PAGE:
DANVILLE – With nearly 13,000 tons of waste collected in the city each year, the trash can pile up quick.
Unfortunately, some trash has been piling up along isolated streets, in parks, down ravines and in some secluded spots courtesy of illegal dumping.
But the rubbish won't remain untouched for long – city officials are now working on new ways to combat illegal dumping.
"It's a problem when people illegally dump because it's hard to find out who's doing it," said Public Development Director John Heckler.
Officials have plans to collect evidence at illegal dump sites so they can track down the offenders. This may include video, deposited personal information and eyewitness accounts.
Be it one truckload or six, city workers have started to sort through the messes they find to collect any information that can be used to link the problem with the owner, said Tracy Stebbins, the city's neighborhood services coordinator.
Illegal dumping can be "a burden," because it can cost the city about $1,200 to clean up and uses up manpower and equipment, Stebbins said.
Parks Superintendent Steve Lane agrees.
"(Offenders) know it's wrong but they don't feel quite as bad because they know we'll come along behind them and pick it up," Lane said, adding that the additional work takes away from other maintenance tasks.
What city officials find varies between regular household waste to items stored in a barn, said Joe Gleisner, the city's public works service and operations manager.
The city's own solid waste collection accommodates most household waste, with special collections for appliances and yard waste.
"We're suspicious that (the offenders) live out of town," Gleisner said, noting that other solid waste management companies may operate differently than Danville's.
Lane said that people will often bring their household trash to the city's parks. People also dump items like mattresses, couches and tires and unload piles of brush and yard-waste.
"People dump items that you can't take to the landfills or ... things people have to pay extra for," Lane said.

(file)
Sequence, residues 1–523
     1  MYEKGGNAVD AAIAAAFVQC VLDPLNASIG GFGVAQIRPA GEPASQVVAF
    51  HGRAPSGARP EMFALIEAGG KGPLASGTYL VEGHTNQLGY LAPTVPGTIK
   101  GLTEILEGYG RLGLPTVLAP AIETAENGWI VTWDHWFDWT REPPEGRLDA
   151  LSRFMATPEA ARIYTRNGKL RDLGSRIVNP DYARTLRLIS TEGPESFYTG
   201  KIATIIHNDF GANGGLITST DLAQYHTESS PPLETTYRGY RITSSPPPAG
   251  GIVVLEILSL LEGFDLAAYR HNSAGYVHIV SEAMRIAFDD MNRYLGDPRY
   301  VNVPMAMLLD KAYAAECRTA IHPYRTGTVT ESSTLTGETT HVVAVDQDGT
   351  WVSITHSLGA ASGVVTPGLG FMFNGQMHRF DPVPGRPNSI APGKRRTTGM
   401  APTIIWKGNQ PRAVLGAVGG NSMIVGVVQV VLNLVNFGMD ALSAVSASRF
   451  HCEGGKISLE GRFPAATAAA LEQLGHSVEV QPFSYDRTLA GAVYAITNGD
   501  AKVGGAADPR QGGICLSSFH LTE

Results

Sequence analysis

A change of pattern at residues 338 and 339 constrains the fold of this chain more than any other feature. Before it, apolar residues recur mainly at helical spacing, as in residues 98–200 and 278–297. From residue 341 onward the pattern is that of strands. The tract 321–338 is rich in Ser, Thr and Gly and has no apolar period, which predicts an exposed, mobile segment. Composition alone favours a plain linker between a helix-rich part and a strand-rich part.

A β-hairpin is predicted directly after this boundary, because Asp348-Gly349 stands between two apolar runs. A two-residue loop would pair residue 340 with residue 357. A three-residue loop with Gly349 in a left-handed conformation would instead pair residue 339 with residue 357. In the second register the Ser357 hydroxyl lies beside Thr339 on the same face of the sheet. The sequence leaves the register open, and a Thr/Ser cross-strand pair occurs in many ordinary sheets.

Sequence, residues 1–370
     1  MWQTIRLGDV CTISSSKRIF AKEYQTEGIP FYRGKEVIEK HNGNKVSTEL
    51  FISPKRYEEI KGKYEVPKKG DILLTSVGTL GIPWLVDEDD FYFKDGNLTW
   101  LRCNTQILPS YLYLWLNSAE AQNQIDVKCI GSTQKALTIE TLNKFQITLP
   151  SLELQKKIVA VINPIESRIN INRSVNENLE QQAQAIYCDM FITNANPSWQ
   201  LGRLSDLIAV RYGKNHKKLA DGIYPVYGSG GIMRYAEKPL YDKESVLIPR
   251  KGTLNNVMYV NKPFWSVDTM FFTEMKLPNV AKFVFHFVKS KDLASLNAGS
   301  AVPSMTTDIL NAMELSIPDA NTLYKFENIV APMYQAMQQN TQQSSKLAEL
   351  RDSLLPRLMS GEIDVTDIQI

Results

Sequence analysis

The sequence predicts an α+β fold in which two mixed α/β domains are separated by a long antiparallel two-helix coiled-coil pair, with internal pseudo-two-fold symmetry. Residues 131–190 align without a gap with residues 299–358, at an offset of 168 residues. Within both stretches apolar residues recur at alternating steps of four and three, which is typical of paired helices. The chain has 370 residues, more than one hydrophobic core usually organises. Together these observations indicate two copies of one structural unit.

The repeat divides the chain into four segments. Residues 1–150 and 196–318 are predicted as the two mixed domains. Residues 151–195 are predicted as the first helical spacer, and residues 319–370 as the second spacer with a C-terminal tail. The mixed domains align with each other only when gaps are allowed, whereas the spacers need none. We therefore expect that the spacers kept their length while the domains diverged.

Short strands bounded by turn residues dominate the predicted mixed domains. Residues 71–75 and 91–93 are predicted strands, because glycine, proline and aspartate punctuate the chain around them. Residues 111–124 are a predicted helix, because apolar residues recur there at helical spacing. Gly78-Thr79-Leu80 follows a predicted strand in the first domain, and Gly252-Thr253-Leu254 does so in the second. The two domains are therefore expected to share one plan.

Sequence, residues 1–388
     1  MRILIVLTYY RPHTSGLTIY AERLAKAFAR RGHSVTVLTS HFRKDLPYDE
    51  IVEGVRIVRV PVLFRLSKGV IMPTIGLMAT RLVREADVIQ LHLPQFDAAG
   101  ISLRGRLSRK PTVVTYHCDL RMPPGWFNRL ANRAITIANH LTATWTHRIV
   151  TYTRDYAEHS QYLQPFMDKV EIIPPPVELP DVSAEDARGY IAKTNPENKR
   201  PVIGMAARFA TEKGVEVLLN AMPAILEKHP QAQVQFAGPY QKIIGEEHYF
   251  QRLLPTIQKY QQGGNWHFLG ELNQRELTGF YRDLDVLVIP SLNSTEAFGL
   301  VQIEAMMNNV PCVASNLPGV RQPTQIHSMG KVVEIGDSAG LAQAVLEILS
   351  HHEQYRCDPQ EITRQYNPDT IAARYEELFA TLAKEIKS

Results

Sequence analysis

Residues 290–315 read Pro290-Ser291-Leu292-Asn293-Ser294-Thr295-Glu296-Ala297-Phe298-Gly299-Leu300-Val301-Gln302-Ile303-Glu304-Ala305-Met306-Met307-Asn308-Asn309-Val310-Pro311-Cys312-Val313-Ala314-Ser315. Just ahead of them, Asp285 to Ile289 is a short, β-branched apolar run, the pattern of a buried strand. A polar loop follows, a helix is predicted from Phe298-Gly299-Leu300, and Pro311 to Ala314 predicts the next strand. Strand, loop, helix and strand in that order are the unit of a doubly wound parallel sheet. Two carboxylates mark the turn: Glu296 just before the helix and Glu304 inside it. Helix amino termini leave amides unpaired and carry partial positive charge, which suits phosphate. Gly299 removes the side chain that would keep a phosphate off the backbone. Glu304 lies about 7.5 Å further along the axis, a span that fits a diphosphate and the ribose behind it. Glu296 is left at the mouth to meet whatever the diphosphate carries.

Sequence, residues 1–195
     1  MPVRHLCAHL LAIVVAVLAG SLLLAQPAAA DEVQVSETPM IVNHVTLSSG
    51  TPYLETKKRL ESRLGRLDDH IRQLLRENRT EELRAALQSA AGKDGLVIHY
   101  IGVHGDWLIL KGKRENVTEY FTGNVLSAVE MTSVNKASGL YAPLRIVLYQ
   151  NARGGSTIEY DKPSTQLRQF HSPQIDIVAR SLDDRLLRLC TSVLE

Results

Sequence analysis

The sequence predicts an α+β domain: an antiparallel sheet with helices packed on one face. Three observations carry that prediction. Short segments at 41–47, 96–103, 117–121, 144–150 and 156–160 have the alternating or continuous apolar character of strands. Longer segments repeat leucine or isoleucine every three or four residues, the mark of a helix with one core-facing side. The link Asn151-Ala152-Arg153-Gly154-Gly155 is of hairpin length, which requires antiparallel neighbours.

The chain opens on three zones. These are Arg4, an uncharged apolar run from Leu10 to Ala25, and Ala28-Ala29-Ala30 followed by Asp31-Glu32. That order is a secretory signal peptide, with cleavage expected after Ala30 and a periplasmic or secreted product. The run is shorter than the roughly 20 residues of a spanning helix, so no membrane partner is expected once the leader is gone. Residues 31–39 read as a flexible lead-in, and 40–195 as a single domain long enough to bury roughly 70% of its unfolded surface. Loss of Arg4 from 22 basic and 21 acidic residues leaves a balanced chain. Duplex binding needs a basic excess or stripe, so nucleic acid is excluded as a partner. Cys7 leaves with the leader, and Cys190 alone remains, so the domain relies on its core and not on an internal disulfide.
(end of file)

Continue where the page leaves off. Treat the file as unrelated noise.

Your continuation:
As of 2005, there were 102 landfills in the state and Vermilion County has two of them – located in Danville and Hoopeston.
Allied Waste owns and operates them both. Dumping fees cost $49 a ton and the landfill does not accept tires, batteries, appliances or items with chemicals.
Between December 2005 and November 2006, both landfills collected more than 302,000 tons of trash.
From December 2006 until May, the landfills have collected about 137,500 tons of trash, said Lynn Wolgamot, Vermilion County's recycling coordinator and Keep Vermilion County Beautiful's executive director.
The county offers special collection days throughout the year to allow people a way to unload appliances and tires.
These items aren't as prevalent in illegal dump sites as they once were, said Kolby Riggle, the county's environmental health director.
Still there are "layers and layers" of trash found in illegal dump sites, he said.
The county has investigated more than 100 complaints of illegal dumping and illegal trash burning so far this year. There are two county employees dedicated to investigating the complaints.
Tracking down the offender is difficult, Riggle said, estimating that about 10 percent of their investigations results in finding the offender.
"If we cannot catch the person, then it's the property owner's responsibility," he said.
The department will work with property owners to alleviate the problem, and in some cases, even obtain grant money to help out, Riggle said.